Technical, social and legal challenges to deployment of wearables in buildings

Technical, social and legal challenges to deployment of wearables in buildings

While there is substantial potential for the deployment of wearables there are also significant technical, social and legal challenges. This is the conclusion of the latest white paper from BSRIA, ‘Wearables & wellbeing in buildings – the story so far’ which found little evidence of any practical solutions linking wearables to HVAC or building systems in general that were already in operation, apart from in “niche areas” such as wearable security fobs. A wearable is a device or an item of clothing which can be worn by a human, or possibly be carried as an implant, which has a degree of “intelligence” built into it and can potentially communicate with the Internet of Things (IoT), either directly or indirectly, for example via a Bluetooth connection to a smart phone. The paper looked at the kinds of wearable technologies currently available, including smart watches, smart glasses and smart clothing, which can provide heating, enhanced visibility or greater sensitivity, and describes what needs to happen in order to bring viable solutions to market that link wearables and building systems in a “useful way,” with a particular focus on comfort in buildings.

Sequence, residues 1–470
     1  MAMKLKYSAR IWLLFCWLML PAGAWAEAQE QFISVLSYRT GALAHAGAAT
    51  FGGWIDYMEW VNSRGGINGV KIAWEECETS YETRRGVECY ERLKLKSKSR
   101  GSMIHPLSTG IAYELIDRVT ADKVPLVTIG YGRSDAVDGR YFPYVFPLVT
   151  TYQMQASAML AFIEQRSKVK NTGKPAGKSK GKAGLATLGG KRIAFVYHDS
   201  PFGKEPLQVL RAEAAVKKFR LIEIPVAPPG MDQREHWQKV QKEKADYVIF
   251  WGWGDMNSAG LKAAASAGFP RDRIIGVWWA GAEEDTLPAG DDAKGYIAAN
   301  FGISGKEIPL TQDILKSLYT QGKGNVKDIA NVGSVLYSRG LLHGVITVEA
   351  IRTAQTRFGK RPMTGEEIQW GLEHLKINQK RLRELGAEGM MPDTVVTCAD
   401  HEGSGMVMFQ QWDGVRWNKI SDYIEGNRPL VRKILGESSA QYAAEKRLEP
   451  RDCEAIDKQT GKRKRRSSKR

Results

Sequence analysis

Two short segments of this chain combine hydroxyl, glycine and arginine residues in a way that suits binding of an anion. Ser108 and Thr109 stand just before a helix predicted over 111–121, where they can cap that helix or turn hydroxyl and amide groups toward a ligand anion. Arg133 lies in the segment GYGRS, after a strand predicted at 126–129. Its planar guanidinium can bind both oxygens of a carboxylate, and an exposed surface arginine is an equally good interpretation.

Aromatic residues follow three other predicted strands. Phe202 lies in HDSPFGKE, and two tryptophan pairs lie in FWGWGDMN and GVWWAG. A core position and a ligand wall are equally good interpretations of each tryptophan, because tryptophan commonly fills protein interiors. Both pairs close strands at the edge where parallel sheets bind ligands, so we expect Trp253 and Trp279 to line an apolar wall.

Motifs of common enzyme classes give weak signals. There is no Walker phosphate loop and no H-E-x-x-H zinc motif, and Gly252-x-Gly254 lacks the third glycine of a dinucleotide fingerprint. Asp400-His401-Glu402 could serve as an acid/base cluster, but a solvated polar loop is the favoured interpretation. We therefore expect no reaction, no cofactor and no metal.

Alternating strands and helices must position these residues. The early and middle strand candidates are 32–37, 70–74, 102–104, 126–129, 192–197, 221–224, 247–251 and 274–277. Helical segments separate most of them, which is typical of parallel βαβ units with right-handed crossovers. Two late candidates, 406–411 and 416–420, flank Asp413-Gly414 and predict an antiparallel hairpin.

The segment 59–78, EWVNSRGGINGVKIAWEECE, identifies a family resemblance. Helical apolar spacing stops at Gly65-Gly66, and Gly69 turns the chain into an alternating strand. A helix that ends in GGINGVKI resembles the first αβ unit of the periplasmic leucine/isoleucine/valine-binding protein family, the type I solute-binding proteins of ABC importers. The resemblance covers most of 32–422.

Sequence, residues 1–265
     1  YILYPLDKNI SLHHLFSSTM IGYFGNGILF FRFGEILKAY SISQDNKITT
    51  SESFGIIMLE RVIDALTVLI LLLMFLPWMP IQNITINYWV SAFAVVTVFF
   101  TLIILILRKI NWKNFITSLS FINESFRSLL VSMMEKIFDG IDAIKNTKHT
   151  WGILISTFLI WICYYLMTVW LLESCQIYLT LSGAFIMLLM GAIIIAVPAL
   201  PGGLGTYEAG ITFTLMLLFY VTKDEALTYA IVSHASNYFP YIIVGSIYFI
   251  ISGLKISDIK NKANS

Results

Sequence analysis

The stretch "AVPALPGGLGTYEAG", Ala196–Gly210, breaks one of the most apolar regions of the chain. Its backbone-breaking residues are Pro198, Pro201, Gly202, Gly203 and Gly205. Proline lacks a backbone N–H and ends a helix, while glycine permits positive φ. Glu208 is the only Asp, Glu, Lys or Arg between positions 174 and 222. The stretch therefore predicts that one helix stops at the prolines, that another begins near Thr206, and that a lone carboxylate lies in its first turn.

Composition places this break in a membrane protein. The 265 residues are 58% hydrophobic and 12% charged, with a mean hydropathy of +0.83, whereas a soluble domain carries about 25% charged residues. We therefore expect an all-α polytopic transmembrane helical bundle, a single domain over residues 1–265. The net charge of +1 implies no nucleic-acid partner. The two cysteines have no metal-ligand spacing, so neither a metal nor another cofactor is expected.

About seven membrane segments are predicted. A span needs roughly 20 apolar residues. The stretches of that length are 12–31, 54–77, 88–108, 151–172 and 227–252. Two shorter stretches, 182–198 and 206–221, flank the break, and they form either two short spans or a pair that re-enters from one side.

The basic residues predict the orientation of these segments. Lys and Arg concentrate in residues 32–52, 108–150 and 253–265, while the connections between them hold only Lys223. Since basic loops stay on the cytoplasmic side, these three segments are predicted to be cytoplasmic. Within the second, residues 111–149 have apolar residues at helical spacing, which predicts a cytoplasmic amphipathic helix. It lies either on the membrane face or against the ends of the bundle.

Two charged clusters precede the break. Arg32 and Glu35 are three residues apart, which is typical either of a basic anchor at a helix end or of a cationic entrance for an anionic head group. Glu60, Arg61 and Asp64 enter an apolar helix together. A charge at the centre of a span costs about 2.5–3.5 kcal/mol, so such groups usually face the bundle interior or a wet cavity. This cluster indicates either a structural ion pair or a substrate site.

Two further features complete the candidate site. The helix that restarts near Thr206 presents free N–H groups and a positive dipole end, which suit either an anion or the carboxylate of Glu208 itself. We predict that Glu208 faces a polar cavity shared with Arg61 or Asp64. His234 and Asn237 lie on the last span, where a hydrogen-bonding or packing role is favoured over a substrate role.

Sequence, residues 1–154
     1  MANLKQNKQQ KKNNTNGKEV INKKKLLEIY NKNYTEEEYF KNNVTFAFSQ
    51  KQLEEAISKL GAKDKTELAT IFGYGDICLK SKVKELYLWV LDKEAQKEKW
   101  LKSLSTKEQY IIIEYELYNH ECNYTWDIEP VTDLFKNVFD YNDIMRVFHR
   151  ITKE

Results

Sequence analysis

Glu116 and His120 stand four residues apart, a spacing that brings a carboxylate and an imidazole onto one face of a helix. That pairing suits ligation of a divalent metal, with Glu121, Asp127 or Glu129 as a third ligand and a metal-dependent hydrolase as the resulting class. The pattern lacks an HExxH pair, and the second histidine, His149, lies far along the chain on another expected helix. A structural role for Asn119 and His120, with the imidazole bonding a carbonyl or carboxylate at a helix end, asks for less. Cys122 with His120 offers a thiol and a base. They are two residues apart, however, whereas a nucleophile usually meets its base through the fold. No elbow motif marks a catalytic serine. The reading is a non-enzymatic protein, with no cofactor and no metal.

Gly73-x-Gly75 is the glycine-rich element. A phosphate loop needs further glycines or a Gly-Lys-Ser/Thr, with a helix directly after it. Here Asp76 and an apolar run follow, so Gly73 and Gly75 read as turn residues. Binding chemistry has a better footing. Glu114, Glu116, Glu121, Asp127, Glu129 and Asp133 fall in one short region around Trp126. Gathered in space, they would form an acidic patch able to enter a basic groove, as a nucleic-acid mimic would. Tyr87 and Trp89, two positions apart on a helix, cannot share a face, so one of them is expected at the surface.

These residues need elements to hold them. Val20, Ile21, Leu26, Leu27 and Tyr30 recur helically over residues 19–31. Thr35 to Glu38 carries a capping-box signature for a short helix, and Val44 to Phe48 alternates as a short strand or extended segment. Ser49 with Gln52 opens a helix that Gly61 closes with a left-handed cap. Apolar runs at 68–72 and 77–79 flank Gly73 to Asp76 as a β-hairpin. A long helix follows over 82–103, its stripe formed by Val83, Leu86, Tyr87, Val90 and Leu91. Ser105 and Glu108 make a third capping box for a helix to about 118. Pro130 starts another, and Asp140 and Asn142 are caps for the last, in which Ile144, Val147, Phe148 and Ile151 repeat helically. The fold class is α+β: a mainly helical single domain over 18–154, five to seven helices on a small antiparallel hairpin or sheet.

Henry Lawson, BSRIA’s Senior Market Research Consultant, BSRIA’s World Market Intelligence Division commented: “At present, the practical applications of wearables are strongly focused on health and fitness, from the monitoring of basic health metrics such as exercise taken and heart rates, through to the tracking of specific and sometimes serious medical problems. There is also some overlap between health and ‘leisure’ with goals such as relaxation.

“There is growing evidence to support the common sense view that people who are healthier and happier are likely to be more productive and that this can feed into a positive financial return. There is also evidence that buildings can affect wellbeing positively or negatively both through their design and through the functionality and efficiency of the systems running to heat, cool and ventilate and light the building.”

He adds that there needs to be a means of collecting, calibrating and analysing data from a lot of different wearable devices as it raises issues of consent, privacy and data security, as data relating to physical health is likely to be highly sensitive and data relating to mental states even more so. People in buildings, whether employees, customers or visitors, need a motive to share their data.

“Ironically, when it comes to emerging technology of this kind, one thing that the past has taught us is that some of the most important and far reaching applications for wearables, both inside and outside buildings, are likely to be ones that we have not even thought of yet.”